The doctor came back into the room, and we talked about having my other eye done, and I said “Forget it.”
          “You're lucky its overcast—a good day to have your eyes dilated.”
          Jay-walking across Hancock and Elm Street I had to hurry to avoid a fast blue Subaru. I thought, God, it can't be Eleanor—but it was. She flew into her driveway, jumped out of the car and waved at me enthusiastically ... slim and tall like a model, her back still straight, the bones of her face perfect like Katharine Hepburns, and her silver hair carefully and tastefully arranged.
          Shes 94.
          I took Elm Street hill slowly. 
          I need to find an excuse to drop in on Eleanor again. She sees things quite clearly.

April 10, 2019

Night Drive

          When we left Robin's at 9:45 another couple of inches of snow had fallen.
          Earlier, she had looked out the window and said "Guys, I have a guest room upstairs!" We were finishing some peppermint tea, hypnotized by the lusty flames in her Jotul.
          Twice the plow passed in front of her house with its guttural run-on sentences—then disappeared. Her cats were asleep in individual foam beds.
          It would be a long, slow drive home, and leaving—putting our boots on, going out into the weird nighthad the quality of a big decision, like divorcing, or quitting a job.
          The last words Robin said, one arm raised and pointing, were "Go that way." But she was standing in front of the door's light and I couldn't make out which arm she had raised.
          I said "That way?" I knew she couldn't mean the shortcut.
          The falling snow was like a thousand muted voices screaming.
          "No!" Now we were like two people in a foreign country, without a common language. "Towardthepostoffice!"
          I couldn't recognize anything in the altered landscape, and we almost missed our turn.
          Out on Route 1, the snow-covered boughs of the Eastern White Pinescrowded up against the edge of the roadall pointed southwest, toward Ellsworth.
           An approaching car was like the flashlights of a couple of boy scouts exploring a mammoth cave, magnified by the corridor of pines, coming from around a bend in the road ahead. After it passed, the ghoulish light of snow was everywhere, coming from nowhere in particular.
          A single electric candle in the front window of a clapboard house threw an ocher rectangle on the lawn in front, and I could feel its sentiment like a single line of poetry, a sentence underlined in a book—a modest, perfectly-timed embrace.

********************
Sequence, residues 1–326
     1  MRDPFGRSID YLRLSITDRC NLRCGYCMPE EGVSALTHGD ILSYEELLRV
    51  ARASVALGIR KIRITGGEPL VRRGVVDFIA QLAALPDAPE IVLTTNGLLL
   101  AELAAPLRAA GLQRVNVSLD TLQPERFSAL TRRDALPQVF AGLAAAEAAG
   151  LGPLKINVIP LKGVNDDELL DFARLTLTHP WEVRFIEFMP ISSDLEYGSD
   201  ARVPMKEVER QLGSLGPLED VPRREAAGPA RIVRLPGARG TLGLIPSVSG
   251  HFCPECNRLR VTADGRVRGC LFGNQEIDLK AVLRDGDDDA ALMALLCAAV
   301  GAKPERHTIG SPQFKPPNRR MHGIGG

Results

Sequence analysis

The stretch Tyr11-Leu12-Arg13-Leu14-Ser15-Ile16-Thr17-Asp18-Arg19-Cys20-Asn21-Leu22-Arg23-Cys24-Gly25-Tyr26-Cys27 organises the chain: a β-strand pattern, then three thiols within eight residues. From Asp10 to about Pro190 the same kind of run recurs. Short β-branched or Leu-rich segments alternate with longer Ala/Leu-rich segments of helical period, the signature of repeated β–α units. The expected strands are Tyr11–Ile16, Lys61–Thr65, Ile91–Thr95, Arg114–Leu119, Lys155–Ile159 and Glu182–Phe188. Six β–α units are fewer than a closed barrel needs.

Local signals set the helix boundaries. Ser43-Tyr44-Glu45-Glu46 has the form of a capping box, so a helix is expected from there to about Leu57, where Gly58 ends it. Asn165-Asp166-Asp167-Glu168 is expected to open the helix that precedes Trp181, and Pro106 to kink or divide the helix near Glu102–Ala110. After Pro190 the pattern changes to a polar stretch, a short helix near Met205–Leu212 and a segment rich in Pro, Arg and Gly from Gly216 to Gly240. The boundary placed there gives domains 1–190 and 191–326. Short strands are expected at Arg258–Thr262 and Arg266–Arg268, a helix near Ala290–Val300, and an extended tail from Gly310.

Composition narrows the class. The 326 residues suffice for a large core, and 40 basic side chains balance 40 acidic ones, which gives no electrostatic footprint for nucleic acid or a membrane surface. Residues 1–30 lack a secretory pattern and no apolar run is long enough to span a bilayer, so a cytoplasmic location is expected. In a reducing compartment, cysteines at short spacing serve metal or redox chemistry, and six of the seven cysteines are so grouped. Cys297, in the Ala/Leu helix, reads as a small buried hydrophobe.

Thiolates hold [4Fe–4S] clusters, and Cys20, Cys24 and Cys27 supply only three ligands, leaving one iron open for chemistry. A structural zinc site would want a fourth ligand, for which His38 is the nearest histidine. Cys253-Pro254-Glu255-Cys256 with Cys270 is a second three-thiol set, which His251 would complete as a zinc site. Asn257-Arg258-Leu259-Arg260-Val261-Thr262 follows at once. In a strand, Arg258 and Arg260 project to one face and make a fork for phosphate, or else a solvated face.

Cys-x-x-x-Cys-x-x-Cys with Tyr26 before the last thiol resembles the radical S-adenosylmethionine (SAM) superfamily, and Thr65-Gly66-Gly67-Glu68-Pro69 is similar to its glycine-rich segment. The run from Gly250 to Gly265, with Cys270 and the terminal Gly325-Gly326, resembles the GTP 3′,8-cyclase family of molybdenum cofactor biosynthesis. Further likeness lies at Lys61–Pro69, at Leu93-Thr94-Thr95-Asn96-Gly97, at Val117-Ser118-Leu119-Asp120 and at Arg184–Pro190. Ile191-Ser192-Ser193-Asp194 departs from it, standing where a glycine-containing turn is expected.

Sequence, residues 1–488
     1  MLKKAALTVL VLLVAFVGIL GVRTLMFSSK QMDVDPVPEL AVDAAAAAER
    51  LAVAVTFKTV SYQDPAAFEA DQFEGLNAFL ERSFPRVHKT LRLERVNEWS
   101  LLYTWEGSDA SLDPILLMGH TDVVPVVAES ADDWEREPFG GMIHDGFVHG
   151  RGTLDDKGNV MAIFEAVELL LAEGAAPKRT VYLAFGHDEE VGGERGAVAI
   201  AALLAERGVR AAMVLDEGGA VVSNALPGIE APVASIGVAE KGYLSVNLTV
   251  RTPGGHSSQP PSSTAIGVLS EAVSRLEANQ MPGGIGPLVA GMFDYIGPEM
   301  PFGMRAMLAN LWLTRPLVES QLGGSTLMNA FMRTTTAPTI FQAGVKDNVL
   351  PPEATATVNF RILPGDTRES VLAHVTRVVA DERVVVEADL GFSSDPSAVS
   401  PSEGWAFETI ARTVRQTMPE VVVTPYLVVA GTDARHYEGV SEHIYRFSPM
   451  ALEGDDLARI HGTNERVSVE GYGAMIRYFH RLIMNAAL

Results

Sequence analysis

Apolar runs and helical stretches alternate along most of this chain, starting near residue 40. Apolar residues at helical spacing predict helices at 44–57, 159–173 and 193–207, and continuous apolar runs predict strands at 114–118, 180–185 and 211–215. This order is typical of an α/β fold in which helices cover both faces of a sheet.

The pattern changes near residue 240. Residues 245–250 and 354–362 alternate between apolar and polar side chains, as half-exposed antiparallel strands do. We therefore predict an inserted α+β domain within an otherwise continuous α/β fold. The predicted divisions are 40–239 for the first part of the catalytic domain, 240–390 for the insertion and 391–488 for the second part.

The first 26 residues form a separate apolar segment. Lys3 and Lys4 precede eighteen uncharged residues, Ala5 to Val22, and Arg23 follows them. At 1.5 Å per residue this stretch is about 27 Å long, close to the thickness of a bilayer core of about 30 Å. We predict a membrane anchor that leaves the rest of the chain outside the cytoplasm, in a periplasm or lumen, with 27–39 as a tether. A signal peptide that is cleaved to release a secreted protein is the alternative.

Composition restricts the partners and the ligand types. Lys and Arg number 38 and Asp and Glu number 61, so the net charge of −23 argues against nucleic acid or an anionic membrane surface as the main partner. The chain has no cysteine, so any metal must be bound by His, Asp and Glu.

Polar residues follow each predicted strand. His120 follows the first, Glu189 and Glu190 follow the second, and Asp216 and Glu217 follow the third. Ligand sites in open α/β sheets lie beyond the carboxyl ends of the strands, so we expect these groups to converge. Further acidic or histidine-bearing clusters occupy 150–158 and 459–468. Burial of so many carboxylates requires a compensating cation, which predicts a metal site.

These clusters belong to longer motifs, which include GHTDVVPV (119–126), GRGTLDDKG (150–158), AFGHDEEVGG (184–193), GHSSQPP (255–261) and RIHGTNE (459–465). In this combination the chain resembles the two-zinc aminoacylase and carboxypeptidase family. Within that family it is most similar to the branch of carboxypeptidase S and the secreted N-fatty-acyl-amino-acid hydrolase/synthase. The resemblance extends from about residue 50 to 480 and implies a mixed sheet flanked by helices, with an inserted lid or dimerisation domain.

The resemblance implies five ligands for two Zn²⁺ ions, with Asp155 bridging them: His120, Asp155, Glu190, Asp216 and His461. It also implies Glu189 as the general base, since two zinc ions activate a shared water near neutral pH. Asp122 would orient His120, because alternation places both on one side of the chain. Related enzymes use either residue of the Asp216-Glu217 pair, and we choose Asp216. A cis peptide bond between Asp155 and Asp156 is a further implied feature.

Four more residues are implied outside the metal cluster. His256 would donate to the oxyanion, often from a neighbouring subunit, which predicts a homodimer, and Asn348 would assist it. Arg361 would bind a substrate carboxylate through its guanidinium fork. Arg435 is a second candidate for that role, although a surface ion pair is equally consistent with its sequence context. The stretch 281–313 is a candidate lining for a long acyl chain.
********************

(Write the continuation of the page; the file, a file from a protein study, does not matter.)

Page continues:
The sky was low, and the vacant distances, the long views out across the bay, were blue-black holes. The Atlantic ocean was on our left—a deduction, a mere factas we drove, on the coast of Maine, in early April.
* * *

          I had moved back to the land where my mother had grown up, and, three days before her birthday, again I tried to conjure her at 12. Her memories of Maine were a tiny part of her that hadn't been suffocated by Viceroys and Aqua Net. The nail of her right-hand ring finger, unpaintable, dullstill bore the marks of the apple press—or was it the root cellar door?—from when she was a girl, and there were stories of her father's pig that followed her around the door yard and the body they found under a dock up at Beech Hill Pond. There had been brown bread and finnan haddie and boiled dinner, and any lobster a restaurant dared serve my mother was "crayfish" compared to those of Maine.
          Thus the state entered my early consciousness.
          We made the long car trip up from Pennsylvania two or three times during my childhood, stopping over in Massachusetts for the night. My memories are dim.
          One night the adults left me in the care of my uncle "Fod." He took me in his pick-up down to the riverfront and parked. He pulled a bottle out from underneath the driver's seat and made me promise not to tell Aunt Leah.
          Now I know the woman who owns the big house across the river from that spot, but I didn't know anyone, then—fascinated by the cats that appeared and disappeared through tiny flapped doors in my aunt's kitchen wall, and the tales of my bachelor uncle who had been everywhere in the world. He watched me when I was 10, surmising how unhappy I would become as an adult.
          But now the public buildings of the town, the choked-off road out to an abandoned fairground, and the old houses that squat like piles of driftwood on their overgrown lots keep their secrets. My mother is not here. No one is here anymore. And like an old dinner plate or a keepsake afghan, objects transmogrify into the present, forgetting or denying the past.
          And I am myself, no longer my mother's child.
          A little out of place.

* * *

          It took us an hour to get home from Steuben, and as we walked the dogs the sky was low and opaque—Chekhovian. The trees, outlined in snow, and the tiny houses angled into the drifts composed a funny—but somehow ravishingdiorama. On the sidewalk ahead of me, Gary seemed far away, as if he had passed into another life, leaving me behind.
          Indignantly, I re-read all of Pine Tree Weather's posts to see just how adequately we'd been advised of this storm. The colored bands of the precipitation maps looked like a card of paint chips.